Foxglove:
foxglove
Foxglove

Typically a garden flower with its purple heads and long stems this beautiful flower is easy to see, although not typically found in pastures it can cause diarrhoea or possibly heart failure, always check your harvested food source for this flower.

Hemlock:
hemlock
Hemlock

Very common to uk pastures, Hemlock is like Ragwort in this is very poisonous to all livestock, it contains Alkaliods – which causes respiratory failure in animals, looking like Cowbane in its white flower appearance this really is one to get evicted off your land.

Horsetail:
horsetail
Horsetail

The appearance of a horses tail, this green almost miniature christmas tree is toxic all the time and very common in uk lands and pastures, consumed over a period of time can cause serious harmful effects to your horse.

Braken Fern:
braken fern
Braken fern

With is broad leaf stature Braken can kill if eaten over a long period, it is very green when growing but turns a golden brown in the winter months either way if horses dont avoid it harmful it can be, Grows in wooded areas well and hedge rows on hilly areas and moors.

These are a few of the most common which may affect you and your horse, their are others the Oak, Charlock, Privet & Thistle which can be harmful. Be aware of your surrounding and what is growing around you, and its effects on your animals, also how it may effect others around you.

Best Weed Killer / Ragwort / Weed Treatment.

Weed Growth:

This is just to give a brief idea of how weed growth can occur if not controlled and repeated over and over, especially if your land is prone to infestation from neighboring land.

weeds on pasture
Weeds on Horse Pasture

Herbicide – Weed Killer :

A herbicide is a Pesticide used to kill unwanted plants. Selective Herbicides kill certain targets while leaving the desired crop relatively unharmed.

Quick Reference Chart For Paddock Weed Killers
Agritox Depitox Doxstar Grazon Pro Hatchet Polo Pastor ThistleX Thrust
Agritox Depitox Doxstar Grazon Hatchet Polo Pastor ThistleX Thrust
Bramble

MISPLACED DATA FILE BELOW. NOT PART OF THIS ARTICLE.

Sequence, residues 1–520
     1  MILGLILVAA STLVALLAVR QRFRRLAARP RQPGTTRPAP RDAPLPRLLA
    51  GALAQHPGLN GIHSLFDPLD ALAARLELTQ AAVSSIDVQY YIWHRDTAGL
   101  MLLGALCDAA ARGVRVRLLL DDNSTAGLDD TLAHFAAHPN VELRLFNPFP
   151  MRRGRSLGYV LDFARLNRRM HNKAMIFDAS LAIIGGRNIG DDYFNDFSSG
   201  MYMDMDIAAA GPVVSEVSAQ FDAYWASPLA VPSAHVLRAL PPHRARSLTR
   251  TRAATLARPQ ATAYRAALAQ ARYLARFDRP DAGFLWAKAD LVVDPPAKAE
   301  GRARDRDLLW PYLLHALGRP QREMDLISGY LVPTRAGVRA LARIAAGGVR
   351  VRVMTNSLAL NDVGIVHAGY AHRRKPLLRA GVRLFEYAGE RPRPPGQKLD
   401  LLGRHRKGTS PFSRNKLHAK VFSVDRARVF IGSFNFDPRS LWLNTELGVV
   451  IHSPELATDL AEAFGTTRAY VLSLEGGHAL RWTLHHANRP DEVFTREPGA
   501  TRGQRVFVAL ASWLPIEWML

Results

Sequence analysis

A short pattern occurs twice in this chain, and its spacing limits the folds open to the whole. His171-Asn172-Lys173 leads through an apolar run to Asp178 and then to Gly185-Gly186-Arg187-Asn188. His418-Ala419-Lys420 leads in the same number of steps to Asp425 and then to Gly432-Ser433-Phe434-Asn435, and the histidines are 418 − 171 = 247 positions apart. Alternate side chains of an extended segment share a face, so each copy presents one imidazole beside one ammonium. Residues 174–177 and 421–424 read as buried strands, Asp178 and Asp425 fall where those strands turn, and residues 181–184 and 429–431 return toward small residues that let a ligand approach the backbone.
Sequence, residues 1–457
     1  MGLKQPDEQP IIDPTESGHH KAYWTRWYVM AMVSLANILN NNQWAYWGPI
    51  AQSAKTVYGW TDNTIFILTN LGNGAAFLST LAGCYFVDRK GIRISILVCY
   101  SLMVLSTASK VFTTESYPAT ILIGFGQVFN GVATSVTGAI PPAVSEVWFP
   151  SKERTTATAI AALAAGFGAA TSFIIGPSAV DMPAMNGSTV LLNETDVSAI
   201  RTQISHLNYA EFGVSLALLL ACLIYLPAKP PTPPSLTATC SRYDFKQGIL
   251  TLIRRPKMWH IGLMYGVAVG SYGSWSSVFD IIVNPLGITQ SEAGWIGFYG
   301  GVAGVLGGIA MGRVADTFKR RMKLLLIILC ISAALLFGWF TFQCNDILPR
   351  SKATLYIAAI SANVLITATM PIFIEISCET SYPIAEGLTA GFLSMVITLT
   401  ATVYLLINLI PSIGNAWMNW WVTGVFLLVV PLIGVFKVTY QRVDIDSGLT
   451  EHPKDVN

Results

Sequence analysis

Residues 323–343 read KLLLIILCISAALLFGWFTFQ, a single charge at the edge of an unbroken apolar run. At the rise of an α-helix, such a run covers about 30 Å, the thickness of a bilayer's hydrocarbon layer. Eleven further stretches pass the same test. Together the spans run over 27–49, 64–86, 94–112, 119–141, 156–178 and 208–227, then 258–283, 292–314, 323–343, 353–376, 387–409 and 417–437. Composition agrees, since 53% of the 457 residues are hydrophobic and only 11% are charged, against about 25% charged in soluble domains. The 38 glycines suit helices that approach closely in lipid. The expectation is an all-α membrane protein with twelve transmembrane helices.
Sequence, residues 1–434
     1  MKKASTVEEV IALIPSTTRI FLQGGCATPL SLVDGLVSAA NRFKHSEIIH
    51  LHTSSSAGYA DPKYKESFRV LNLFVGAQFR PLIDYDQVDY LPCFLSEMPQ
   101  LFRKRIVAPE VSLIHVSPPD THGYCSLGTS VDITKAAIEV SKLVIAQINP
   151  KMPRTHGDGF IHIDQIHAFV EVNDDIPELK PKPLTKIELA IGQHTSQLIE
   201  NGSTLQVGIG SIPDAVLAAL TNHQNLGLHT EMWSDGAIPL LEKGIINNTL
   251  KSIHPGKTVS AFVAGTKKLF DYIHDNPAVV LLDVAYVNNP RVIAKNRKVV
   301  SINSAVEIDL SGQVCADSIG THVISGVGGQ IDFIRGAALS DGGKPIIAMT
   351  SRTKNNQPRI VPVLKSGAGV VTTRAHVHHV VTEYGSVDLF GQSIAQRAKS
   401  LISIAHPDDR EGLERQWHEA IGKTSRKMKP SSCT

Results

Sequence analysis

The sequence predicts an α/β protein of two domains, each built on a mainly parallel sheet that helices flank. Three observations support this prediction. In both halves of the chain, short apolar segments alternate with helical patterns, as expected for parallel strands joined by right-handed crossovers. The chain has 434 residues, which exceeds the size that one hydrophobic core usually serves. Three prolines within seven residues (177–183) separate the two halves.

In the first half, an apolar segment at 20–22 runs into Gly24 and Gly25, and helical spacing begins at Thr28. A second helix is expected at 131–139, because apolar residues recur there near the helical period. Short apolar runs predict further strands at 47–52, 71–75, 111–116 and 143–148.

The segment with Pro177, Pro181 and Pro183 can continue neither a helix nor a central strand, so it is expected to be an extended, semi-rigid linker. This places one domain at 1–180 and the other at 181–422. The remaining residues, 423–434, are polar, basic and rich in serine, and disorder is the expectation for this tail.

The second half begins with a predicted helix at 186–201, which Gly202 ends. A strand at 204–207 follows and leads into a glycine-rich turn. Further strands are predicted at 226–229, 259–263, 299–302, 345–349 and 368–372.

Buttercup               
Clover                  
Dandelion                     
Dock                        
Gorse     
Nettle                      
Ragwort                 
Soft Rush              
Sycamore       
Thistle                        
Safe On New Grass No No No No Yes No No No No
Spray Type BS BS+KS BS KS BS+KS BS BS BS BS+KS
Pack Size 10L 5L  or 10L 2L 1L 5L  10L  2L 3L 5L
                  = Best Control                      BS = Boom Sprayer                     KS = Knapsack Sprayer

Key: The more drops the more effective the product.

The table above is a selection of a few of the more common products available, their use and effectiveness on which pasture weed you want to select depending on your problem to solve horse pasture weed control. It is best to seek advise on the best product off your supplier or the person applying the product and always read labels and be sure of the effects.

Horse Pasture Weed Control:

Total Weed Kill Spraying.

Total spraying a field
Total spraying a Horse Pasture

A City & Guilds Qualification PA1 and PA6, must be held for this application to be done and proved by the operator. This is a very effective method of chemical Horse Pasture Weed Killing. The operator can cover alot of ground quickly and effectively ensuring a calculated coverage, effectiveness is dependent on product used and when.

 

Spot Spraying.

spot spraying
Spot Spraying

As above with the Spraying but a more directly applied approach to the problem Weeds.

Mowing.

mowing
Mowing

A good temporary surface solution to weeds but not really advised for weed killing as the roots often still remain, Weeds being Weeds will grow back at a stronger rate and probably be more of an issue, if cutting are not collected can also help with the spread of Weeds so not really advised.

Strimming.

striming boarders
Striming boarders

Like with the mowing is a temporary solution, cutting back to the ground but you will be back their time and time again repeating this, useful were chemical treatment is not allowed or is an issue if grazing needs to be more prominent but cutting must be collected and disposed of properly. The use of the correct tools for the job and correct health and safety guild-lines must be followed reading the operators instructions is a must.

Hand Removal.

hand removal
Hand Removal

The total organic solution to weed control as with mowing and strimming not totally effective as you do need to kill the root of the problem, but if your prepared to Weed the field or have an army of people its the least invasive way to control weeds, using the correct tools helps, again the proper disposal of the weeds must be followed.

Pasture Fertilizer / Seeding.

Horse pasture fertilizing / seeding
Horse Pasture Fertilizing / Seeding

Once you have Weed Killed your Horse Pasture, It may be a good idea to Fertilize & Seed the area after all if grass grows instead it may discourage the once Weeds to reoccur giving you more Pasture for Grazing your Horses & Live Stock.

Although this only scratches the surface of a problem, It is hoped it may help out.